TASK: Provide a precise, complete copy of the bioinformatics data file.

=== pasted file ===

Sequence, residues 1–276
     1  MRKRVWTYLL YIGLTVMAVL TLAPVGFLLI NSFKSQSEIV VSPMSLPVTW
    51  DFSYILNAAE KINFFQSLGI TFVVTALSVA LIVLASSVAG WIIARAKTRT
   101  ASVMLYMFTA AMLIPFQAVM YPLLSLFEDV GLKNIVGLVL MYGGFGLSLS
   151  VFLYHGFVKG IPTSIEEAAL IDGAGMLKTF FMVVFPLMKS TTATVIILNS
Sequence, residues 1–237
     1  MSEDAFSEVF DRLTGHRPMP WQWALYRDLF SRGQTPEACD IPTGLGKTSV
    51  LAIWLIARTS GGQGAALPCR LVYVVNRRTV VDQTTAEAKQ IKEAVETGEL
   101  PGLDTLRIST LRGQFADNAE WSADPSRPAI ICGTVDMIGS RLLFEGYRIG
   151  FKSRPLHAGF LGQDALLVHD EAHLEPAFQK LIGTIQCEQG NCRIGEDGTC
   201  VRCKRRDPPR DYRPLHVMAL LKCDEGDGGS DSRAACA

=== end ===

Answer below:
Sequence, residues 1–276
     1  MRKRVWTYLL YIGLTVMAVL TLAPVGFLLI NSFKSQSEIV VSPMSLPVTW
    51  DFSYILNAAE KINFFQSLGI TFVVTALSVA LIVLASSVAG WIIARAKTRT
   101  ASVMLYMFTA AMLIPFQAVM YPLLSLFEDV GLKNIVGLVL MYGGFGLSLS
   151  VFLYHGFVKG IPTSIEEAAL IDGAGMLKTF FMVVFPLMKS TTATVIILNS
Sequence, residues 1–237
     1  MSEDAFSEVF DRLTGHRPMP WQWALYRDLF SRGQTPEACD IPTGLGKTSV
    51  LAIWLIARTS GGQGAALPCR LVYVVNRRTV VDQTTAEAKQ IKEAVETGEL
   101  PGLDTLRIST LRGQFADNAE WSADPSRPAI ICGTVDMIGS RLLFEGYRIG
   151  FKSRPLHAGF LGQDALLVHD EAHLEPAFQK LIGTIQCEQG NCRIGEDGTC
   201  VRCKRRDPPR DYRPLHVMAL LKCDEGDGGS DSRAACA